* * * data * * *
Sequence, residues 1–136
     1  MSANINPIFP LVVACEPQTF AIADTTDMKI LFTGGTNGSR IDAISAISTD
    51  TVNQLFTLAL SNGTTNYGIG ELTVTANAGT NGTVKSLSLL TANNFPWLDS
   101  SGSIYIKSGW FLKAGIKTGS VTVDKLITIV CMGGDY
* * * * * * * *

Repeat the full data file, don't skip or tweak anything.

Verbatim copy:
Sequence, residues 1–136
     1  MSANINPIFP LVVACEPQTF AIADTTDMKI LFTGGTNGSR IDAISAISTD
    51  TVNQLFTLAL SNGTTNYGIG ELTVTANAGT NGTVKSLSLL TANNFPWLDS
   101  SGSIYIKSGW FLKAGIKTGS VTVDKLITIV CMGGDY